Many questions about officiating from Ohio-Michigan game
Ohio State running back Curtis Samuel runs the ball against Michigan during the first half of an NCAA college football game Saturday, Nov. 26, 2016, in Columbus, Ohio. Ohio State beat Michigan 30-27 in double overtime. (AP Photo/Jay LaPrete)
Imagine getting to officiate your favourite team’s biggest game of the season.
It sounds like a sports fan’s fantasy, but it happened for real Saturday in Columbus, Ohio for the 113th annual meeting between college football rivals University of Michigan and Ohio State University.
In a double-overtime thriller that will instantly pass into series lore, the home team Ohio prevailed 30-27 to secure a spot in the four-team national playoff.
It was just the second time the two teams have met while both were ranked in the national top three.
The two head coaches - Urban Meyer and Jim Harbaugh - were both born (less than seven months apart) in Toledo, Ohio, the city at the two states’ border which traditionally has split loyalties in the rivalry.
It was the first time in the series that the game went into overtime.
On fourth down and short in the second OT, with OSU trailing 27-24 and the game hanging in the balance, the Buckeyes’ tough quaterback, J.T. Barrett, kept the ball and appeared to be stopped just shy of the 15-yard line, which he needed for the first down.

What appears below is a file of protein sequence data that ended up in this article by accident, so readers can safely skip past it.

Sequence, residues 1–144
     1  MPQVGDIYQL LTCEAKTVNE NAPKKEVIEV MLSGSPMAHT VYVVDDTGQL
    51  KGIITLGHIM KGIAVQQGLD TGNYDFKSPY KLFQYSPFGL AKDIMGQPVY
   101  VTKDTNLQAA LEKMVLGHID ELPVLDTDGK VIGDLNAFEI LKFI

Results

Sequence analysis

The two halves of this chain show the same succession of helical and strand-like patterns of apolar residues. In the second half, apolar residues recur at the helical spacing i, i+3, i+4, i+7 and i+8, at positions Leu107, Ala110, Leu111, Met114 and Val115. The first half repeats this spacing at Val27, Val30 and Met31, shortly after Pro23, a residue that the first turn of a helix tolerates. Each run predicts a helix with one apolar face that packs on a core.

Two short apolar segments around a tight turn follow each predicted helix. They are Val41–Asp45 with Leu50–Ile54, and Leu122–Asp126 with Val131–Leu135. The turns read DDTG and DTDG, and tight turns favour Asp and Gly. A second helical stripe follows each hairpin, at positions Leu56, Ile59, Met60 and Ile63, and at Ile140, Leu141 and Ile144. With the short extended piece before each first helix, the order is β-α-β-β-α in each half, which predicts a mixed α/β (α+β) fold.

Game over, Michigan wins.
But wait: the officials awarded a favourable spot, and video reviews were not conclusive enough to overturn the call on the field.
Ohio State scored on the next play, sending 110,045 people (not counting the refs) into bedlam.
The fourth down play has already been dissected more than the JFK Zapruder film. (For what it's worth, word from the press box was that no one thought he made it.)
Michigan supporters instantly cried foul.
Interesting background details emerged on the officiating crew: one was barred from reffing the huge 2006 UM-OSU game for admitting his loyalties to the Buckeyes. Another had previously been fired by the Big Ten conference back in 2002 for egregious errors. A third was recently inducted into the Ohio High School Athletic Association’s hall of fame (ceremony in Columbus).
All from Ohio, all Buckeye fans.
And all part of the peculiar madness of college football in America. A champion partially chosen in ways that at times is not dissimilar from figure skating.
The very first game of a season is really like the start of a playoff. (Imagine the first round of a playoff where you get to choose your opponent and never play a road game.)
In the case of the Big Ten this year, the conference’s two best teams just played and neither will go to this Saturday’s championship game: due to a divisional setup and imbalanced schedule, Penn State and Wisconsin will meet while OSU and UM stay home.
College fan bases dwell on officiating like no other sports. They also suffer the cruel but beautiful agony of only playing a rival once a year.
Circle your calendars for November 25, 2017, when the two teams will meet again in Ann Arbor.
Maybe by then the Big Ten will do a better job vetting their officials.
But I wouldn’t bet on it.